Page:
Hmm. Profound knowledge derived from myths, in and of itself, must be an offense for the hardcore science as we know it and, more to the point, rely upon: empirically proofed, mechanistically solid, rationally based in the incorrigible iron law of cause and effect. Must ring a bell nowadays. Need proof?
The writings of Cutanda are a convincing attempt to account for his findings within a sociological-scientific framework. He is certainly in good company. There are many authors of literature, philosophers as well as psychiatrists whose work is rooted in the world of myths. Think for instance of Sophocles’ Oedipus, Euripides’ myths on Antigone and Dionysus. Those are impressive in laying bare the existential dialectics of becoming and destruction (Dionysus who longs to dissolve within the community, realizing he can never redeem himself from his lonely individuality), sacrificing oneself in the name of humanity (Antigone who insists to bury her brother within the city’s wall in name of humanity, paying with her own life) or the blindness of our most fundamental motivations (Oedipus who killed his father, married his mother and finally was tabbed blind because he couldn’t see the truth of reality). To name a few.
Though fruitful for his insight, these Euro-centric myths with their pain, suffering and not to forget the endless wars, didn’t uplift Cutanda’s Spanish soul. When he became familiar with the ‘Legend of the Rainbow Warriors’ it opened a completely different, what is more, hopeful horizon for him. Cutanda found his home in myths which are all but Western. The ‘Legend of the Rainbow Warriors’ tells how native-Americans saw “Light-skinned people will come out of the eastern sea in enormous canoes powered by huge white wings (…). The people who get off these boats will also be like birds (…). One of their feet will be like that of a dove, the other like that of an eagle. The foot of the dove will represent a beautiful, new religion of love and kindness, and the foot of the eagle will represent strength, technology, and power. The sharp foot of the eagle will dominate (…) they will claw at the Red Nations with their eagle feet, exploiting and enslaving them.” (Legend of The Rainbow Warriors, Steven McFadden, 1987). Of course, the Native Americans, overwhelmed by the violent domination of the ‘light-skinned people’, lost their confidence and courage, from all the outskirts of the earth who doesn’t recognize the enslaving claw of the eagle representing the imperialism of the West. The fish in the rivers floated belly up in the rivers. Let us say no more: Mother Earth reflected the state native-Americans found themselves.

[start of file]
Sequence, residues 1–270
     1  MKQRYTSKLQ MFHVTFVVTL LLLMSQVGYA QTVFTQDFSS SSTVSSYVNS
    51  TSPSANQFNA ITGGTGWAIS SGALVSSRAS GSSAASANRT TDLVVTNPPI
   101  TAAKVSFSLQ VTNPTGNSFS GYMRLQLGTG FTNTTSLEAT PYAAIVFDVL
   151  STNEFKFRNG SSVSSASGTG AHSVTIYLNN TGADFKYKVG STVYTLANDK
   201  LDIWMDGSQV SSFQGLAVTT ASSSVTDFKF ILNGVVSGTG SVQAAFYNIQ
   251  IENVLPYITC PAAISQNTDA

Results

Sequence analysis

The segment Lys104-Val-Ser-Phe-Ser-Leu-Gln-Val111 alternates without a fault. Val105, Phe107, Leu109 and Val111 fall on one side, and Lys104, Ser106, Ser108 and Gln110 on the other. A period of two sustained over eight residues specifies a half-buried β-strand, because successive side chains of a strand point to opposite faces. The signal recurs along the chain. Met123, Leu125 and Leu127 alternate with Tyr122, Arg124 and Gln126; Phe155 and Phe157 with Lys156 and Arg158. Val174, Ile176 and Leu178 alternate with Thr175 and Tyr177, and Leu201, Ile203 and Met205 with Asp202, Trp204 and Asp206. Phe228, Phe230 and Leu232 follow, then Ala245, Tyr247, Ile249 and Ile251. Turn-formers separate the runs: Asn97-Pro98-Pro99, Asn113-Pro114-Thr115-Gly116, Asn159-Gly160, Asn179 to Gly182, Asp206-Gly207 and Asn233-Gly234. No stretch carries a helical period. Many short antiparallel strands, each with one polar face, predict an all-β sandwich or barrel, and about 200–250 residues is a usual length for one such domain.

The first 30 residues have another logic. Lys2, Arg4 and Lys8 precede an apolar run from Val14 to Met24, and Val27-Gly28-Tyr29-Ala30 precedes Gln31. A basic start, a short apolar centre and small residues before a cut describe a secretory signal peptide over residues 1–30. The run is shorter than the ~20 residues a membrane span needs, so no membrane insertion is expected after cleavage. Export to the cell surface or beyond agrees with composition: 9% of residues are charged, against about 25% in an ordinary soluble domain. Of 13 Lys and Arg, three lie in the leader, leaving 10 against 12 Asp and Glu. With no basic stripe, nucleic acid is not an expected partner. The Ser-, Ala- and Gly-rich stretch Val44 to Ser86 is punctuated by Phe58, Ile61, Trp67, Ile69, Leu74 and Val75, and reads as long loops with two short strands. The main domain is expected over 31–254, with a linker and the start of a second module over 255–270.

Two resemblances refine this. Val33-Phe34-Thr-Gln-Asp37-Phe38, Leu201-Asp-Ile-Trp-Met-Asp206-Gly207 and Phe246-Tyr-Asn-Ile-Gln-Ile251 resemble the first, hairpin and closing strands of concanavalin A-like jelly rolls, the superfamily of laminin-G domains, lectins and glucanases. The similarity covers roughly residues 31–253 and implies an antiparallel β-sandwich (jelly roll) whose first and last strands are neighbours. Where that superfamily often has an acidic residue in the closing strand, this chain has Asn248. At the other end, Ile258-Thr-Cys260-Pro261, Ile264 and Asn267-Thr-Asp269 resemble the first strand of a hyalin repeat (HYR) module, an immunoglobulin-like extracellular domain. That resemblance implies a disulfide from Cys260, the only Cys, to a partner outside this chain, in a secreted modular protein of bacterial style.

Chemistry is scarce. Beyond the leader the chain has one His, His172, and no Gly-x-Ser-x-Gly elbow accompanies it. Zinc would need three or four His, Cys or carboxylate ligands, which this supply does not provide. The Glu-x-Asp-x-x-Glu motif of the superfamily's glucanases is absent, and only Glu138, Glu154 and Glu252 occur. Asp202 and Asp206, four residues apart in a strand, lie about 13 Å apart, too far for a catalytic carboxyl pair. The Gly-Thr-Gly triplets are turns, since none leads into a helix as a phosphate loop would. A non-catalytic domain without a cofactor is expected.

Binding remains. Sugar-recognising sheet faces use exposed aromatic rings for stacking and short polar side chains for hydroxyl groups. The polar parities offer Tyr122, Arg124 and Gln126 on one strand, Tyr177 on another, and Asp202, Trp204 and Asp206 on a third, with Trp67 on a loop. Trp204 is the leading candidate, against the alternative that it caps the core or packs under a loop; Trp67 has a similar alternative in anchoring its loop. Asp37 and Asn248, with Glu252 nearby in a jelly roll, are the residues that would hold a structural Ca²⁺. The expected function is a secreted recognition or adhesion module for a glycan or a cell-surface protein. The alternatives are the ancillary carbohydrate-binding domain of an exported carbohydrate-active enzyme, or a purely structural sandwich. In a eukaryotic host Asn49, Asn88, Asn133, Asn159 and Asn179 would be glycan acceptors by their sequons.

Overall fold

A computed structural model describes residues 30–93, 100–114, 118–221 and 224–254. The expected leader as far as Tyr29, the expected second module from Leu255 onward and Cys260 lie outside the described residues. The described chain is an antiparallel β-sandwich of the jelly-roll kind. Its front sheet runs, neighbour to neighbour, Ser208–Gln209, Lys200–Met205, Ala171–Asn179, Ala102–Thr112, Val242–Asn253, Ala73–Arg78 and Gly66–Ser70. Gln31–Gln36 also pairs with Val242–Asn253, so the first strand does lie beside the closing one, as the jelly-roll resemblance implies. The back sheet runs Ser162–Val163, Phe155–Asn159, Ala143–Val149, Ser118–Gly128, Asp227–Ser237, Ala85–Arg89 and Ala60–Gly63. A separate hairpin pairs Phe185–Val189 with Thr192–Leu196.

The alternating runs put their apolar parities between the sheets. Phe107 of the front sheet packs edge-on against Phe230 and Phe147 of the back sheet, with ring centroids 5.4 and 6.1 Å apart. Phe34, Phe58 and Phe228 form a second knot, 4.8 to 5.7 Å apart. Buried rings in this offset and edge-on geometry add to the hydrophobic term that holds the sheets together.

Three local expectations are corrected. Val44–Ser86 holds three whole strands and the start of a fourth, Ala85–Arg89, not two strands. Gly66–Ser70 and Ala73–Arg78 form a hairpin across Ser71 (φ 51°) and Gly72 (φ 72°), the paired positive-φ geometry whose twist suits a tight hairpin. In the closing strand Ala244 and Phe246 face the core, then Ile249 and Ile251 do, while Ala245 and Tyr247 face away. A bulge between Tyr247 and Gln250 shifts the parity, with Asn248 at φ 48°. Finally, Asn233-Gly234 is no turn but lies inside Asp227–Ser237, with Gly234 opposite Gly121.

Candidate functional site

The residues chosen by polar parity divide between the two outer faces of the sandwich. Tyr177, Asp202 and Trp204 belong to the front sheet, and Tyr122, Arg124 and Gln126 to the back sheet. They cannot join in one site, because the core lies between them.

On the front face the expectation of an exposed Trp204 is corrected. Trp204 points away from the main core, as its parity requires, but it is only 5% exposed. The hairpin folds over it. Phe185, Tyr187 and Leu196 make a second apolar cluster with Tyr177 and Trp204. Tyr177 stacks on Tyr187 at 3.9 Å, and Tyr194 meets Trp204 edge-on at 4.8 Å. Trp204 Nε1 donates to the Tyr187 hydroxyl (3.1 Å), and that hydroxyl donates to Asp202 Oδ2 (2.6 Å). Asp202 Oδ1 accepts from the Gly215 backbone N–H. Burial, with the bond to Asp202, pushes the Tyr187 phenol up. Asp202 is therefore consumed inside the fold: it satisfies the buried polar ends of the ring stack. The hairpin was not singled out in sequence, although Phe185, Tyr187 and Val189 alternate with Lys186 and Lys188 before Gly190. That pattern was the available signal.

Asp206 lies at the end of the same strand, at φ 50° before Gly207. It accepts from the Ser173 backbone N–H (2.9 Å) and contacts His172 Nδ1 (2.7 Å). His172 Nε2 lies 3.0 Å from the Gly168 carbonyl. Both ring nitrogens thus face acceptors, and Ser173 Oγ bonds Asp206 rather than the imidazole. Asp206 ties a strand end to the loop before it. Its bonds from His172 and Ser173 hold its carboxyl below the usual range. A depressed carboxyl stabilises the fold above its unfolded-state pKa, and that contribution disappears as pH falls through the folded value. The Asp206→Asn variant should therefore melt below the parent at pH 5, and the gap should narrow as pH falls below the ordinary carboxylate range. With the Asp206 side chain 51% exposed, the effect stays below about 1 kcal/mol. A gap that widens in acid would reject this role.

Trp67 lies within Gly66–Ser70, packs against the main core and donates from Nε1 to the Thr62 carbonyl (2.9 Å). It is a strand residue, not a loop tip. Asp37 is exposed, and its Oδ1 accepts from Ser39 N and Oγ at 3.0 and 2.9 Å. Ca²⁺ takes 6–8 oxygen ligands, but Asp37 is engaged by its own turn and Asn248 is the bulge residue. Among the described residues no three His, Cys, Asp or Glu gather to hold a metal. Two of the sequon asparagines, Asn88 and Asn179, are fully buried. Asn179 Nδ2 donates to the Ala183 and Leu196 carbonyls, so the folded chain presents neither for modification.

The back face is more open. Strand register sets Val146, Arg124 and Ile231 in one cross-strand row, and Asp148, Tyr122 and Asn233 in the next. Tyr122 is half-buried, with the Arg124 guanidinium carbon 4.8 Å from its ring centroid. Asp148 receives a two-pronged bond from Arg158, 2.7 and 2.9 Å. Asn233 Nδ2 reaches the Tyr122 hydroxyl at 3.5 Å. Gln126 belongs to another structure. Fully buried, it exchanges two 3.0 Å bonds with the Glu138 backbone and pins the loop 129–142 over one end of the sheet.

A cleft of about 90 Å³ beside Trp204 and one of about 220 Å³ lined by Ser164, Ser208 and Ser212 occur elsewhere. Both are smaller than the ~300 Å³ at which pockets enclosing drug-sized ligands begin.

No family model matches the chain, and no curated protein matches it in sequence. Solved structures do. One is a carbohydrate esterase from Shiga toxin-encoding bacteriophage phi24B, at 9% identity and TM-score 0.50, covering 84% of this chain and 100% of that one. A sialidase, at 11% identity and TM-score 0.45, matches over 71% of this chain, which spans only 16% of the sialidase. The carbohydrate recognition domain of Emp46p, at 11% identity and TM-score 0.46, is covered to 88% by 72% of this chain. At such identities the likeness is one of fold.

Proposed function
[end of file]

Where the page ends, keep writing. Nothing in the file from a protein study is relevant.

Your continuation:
Losing courage, – be it in modern 2023 times wearing masks of indifference, of self-indulgence, seeking one’s own pleasure forgetting fellowmen with whom we are equally dependent on the giving of Mother Earth – for the Native Americans experiencing the ‘Legend of the Rainbow Warriors’, it was like looking into the abyss of all times.
Light will come
Yet, again, here comes the inspiration for the radical turn of Cutanda’s imagination: “…then Light would come from the East, and the natives would begin to find their strength, their pride, and their wisdom. So would many of their brothers and sisters of the other nations –white, yellow, and black– who would strongly feel the calling of Spirit. They would understand the basic fact that it is the Earth which gives us the water, food, clothing, shelter, and beauty necessary for the circle of life. These awakened souls would find each other, and together they would teach all the people of the world to have respect for the Earth Mother, of whose very stuff human beings are made. Respect would prevail.” (McFadden, 1987)
Following Cutanda, I would say: active respect will prevail when we long for it, identifying ourselves with the doings of the Light from the East, awakening strength (no weapons), pride (no arrogance) and wisdom (no deceit). Cutanda understands the hope of all the people blocking highways, making lives uneasy, for the simple fact it is uneasy. Now. Look up.
Grian A. Cutanda: The Earth Stories Collection Vol. 1. The Myths of the Future. www.theearthstoriescollection.org